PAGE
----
You might have been wondering how that friends and family sale of minority shares in the New York Mets has been going. But Jeff Wilpon has news for you.
Don’t. It’s none of your business.
I have to assume there was a miscommunication here. Jeff Wilpon couldn’t have been referring to the same minority sale that…
1. …Wilpon and his father announced back in January to great fanfare, with press release, conference call, etc., letting us know that after two-plus years of pretending that everything was fine (and attacking those who reported otherwise), they needed a cash infusion. They claimed it was the result of “uncertainty” created by the lawsuit brought against them by trustee for the Bernie Madoff victims Irving Picard.
2. …Fred Wilpon discussed in May with both The New Yorker and Sports Illustrated, making clear that the $200 million he sought was not, in fact, for the lawsuit at all, but rather to pay more pressing short-term bills. (After all, the lawsuit doesn’t need to be paid until appeals are exhausted, or a settlement is made.) It was our business to know how important that cash infusion was for ownership, when ownership wanted to rally public opinion to its side.
3. …the Mets publicly touted shortly thereafter with David Einhorn, sending out a press release lauding Einhorn and a deal with him, despite the fact that a deal hadn’t been signed yet. It was our business merely to know that a deal was close.
4. …the Mets, after shopping the Einhorn deal behind his back, had re-entered exclusive negotiations with Einhorn again at the end of July. We received a press release about that, too.
5. …on September 1, the deal with Einhorn had fallen through, but the Mets had a plan in place to sell smaller ownership blocks, as improbable as such a plan seemed, especially in light of reports that they’d already tried and failed with this approach. It was our business to know that the ownership group who told us all was well for several years, then that they needed money for months, would be fine because of this implausible plan.
That’s the same thing that is now none of our business? Can’t be.
And one other thing to consider. Jeff Wilpon claimed the following: “Some of the people don’t want to be public,” Wilpon said. “Some of the people might never be public.”
So what is the motivation of these would-be owners? The team is losing a ton of money, and prospects for that to change aren’t very good in the near future. The team itself faces legal exposure from Picard’s lawsuit. If it isn’t about supporting current ownership and/or desire to be publicly associated with Major League Baseball, what exactly is driving these mysterious new minority owners?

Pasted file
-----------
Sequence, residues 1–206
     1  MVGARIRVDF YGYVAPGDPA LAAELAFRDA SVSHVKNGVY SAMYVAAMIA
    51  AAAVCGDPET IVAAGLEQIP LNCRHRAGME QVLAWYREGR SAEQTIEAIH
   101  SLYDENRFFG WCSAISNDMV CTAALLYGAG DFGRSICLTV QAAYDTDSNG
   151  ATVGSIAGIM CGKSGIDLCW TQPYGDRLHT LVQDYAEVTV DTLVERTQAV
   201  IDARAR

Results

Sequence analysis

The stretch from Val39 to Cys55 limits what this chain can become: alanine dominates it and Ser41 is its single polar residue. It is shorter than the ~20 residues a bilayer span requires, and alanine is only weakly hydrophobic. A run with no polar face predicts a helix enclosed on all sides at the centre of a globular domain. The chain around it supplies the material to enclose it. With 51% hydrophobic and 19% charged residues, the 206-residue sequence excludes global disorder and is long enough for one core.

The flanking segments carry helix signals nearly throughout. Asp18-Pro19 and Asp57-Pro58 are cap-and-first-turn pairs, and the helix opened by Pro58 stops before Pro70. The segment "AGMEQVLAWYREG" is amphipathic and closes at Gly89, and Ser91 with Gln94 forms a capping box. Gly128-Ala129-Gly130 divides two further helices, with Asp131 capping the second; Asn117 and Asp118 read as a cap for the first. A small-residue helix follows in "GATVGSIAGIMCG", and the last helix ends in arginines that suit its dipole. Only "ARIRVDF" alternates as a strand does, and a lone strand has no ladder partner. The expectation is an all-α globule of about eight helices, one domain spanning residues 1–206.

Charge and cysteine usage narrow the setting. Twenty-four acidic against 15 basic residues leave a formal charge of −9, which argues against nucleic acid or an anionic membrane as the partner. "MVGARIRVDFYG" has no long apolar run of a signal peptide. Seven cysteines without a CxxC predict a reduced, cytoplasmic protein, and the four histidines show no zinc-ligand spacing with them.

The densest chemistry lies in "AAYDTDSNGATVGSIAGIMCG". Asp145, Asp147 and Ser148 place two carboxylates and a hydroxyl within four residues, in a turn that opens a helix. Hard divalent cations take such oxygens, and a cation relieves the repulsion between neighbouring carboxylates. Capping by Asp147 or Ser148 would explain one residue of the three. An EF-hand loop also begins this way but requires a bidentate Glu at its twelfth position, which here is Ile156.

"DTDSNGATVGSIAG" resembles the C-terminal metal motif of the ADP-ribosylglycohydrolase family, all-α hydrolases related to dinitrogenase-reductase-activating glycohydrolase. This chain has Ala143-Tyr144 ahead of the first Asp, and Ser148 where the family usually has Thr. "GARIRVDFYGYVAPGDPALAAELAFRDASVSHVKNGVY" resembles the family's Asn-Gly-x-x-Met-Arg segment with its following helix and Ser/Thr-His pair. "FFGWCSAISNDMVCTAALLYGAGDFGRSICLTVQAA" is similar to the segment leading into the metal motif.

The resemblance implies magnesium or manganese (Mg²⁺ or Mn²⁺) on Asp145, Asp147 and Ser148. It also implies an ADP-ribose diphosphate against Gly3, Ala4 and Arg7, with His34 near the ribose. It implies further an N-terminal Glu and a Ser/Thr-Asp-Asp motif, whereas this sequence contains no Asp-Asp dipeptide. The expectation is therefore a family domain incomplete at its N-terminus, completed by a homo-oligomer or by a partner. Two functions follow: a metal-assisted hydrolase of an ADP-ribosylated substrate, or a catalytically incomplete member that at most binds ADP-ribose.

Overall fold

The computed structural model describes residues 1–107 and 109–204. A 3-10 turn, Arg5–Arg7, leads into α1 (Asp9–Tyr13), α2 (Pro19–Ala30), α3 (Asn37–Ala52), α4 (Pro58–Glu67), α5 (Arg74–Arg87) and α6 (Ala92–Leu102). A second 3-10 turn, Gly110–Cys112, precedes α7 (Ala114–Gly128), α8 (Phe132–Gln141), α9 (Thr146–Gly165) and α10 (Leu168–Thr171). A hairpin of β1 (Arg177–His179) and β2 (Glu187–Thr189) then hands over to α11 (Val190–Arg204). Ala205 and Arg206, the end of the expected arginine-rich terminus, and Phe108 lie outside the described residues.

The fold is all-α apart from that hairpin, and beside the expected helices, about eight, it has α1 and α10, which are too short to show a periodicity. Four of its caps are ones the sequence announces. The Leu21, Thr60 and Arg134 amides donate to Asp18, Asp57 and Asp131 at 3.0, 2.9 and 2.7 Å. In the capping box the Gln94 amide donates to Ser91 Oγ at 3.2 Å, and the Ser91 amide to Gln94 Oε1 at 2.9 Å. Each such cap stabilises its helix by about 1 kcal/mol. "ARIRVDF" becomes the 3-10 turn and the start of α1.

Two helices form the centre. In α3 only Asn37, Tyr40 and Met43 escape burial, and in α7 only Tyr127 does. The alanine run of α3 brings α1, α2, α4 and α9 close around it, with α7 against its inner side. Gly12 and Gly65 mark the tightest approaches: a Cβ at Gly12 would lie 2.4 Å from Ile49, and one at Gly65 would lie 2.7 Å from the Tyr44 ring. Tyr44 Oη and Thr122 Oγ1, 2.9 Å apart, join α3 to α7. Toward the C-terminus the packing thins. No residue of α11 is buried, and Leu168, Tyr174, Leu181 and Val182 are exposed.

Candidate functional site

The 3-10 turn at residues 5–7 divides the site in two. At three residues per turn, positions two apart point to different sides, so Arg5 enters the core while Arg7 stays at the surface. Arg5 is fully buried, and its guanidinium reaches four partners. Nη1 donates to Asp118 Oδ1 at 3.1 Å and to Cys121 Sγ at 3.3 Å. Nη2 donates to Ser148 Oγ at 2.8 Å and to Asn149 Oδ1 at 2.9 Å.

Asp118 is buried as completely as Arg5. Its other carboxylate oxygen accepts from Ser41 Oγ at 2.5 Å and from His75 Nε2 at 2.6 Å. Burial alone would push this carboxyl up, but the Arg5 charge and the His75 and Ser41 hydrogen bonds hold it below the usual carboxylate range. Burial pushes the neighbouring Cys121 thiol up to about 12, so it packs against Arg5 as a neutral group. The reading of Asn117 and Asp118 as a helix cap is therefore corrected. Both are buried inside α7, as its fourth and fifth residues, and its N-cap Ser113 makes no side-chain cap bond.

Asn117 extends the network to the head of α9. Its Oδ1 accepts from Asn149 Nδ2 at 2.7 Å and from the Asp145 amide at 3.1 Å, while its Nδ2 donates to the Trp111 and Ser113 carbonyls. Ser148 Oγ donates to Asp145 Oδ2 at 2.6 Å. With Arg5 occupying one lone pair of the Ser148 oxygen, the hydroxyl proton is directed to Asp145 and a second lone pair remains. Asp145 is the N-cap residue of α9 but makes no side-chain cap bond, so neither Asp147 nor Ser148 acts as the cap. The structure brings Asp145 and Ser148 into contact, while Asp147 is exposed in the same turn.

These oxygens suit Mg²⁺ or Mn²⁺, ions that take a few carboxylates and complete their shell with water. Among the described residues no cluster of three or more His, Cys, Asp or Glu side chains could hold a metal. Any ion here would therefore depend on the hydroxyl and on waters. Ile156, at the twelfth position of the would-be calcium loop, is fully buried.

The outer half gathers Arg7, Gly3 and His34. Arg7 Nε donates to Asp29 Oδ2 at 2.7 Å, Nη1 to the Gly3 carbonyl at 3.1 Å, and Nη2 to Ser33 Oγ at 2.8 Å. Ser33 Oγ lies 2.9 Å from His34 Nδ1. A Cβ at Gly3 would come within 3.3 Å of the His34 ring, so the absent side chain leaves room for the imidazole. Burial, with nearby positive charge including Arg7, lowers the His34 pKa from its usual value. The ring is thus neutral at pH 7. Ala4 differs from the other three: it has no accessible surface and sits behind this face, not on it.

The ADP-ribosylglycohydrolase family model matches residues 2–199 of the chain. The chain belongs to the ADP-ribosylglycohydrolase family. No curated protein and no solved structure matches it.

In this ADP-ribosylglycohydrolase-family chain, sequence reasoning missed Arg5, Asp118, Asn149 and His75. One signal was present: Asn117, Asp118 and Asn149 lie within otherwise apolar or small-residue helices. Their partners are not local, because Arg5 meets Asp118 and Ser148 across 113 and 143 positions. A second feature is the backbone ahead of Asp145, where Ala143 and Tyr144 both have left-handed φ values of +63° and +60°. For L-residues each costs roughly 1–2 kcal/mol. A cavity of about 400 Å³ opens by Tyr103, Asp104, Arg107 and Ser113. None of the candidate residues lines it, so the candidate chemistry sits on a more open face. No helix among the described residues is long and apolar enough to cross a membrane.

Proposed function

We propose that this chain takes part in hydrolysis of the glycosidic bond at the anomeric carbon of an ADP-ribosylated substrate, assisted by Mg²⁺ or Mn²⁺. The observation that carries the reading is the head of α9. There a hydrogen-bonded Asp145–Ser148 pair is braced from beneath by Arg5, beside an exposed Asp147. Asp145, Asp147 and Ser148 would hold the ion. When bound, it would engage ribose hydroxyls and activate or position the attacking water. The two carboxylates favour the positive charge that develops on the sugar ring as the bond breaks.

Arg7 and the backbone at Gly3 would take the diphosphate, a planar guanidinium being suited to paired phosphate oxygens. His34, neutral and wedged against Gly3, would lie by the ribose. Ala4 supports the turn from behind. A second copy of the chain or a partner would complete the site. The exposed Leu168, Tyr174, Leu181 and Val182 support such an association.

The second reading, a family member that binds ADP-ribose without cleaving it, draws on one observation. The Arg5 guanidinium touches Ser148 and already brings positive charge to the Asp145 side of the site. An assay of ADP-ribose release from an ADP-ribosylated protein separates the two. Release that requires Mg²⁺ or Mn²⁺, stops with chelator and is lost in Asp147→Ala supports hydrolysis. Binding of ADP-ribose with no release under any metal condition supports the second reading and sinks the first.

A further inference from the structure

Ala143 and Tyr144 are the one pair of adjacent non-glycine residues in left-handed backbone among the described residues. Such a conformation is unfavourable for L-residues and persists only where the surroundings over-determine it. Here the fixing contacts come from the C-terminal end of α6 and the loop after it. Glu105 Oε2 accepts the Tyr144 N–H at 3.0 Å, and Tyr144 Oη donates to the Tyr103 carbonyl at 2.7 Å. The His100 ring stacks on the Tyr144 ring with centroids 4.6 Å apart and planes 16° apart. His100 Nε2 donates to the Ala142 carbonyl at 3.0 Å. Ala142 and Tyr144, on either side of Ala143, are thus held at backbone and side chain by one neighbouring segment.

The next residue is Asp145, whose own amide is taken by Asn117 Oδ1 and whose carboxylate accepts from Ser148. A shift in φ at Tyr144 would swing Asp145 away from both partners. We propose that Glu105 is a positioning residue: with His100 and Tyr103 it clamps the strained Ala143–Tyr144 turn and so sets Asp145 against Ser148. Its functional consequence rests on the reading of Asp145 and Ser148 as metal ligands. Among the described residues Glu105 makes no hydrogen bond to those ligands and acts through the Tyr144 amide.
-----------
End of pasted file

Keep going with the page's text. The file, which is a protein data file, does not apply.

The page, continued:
Just remember: it is in the best interests of this ownership group to publicize any minority buy-in, since there are ample questions about their financial viability. That is why they were so eager to talk up David Einhorn- to illustrate confidence in their position from an outside interest. Of course, it quickly became clear that Einhorn’s deal was about a distinct lack of confidence in their position- he obviously believed he could take over once the Wilpons failed.
Minority owners with no path to majority ownership, however, actually would be a sign that at least some people thought investing with this ownership group made sense. So on the two-month anniversary of the public split with Einhorn, it would behoove ownership from a PR perspective to announce some success there.
Their failure to do so speaks volumes.
And acting affronted over being asked about that process, after playing out the pursuit of minority owners so publicly all year- a pursuit the Wilpon ownership group had claimed for two years would never be necessary, and attacked the credibility of those who said otherwise- is insulting to the intelligence of Mets fans. It’s about as insulting as pretending the payroll which was supposed to remain static in the $130-140 million range last winter, but now may dip below $100 million, is the result of some kind of philosophical change, when Fred Wilpon himself told us back in May it is because he’s running out of money.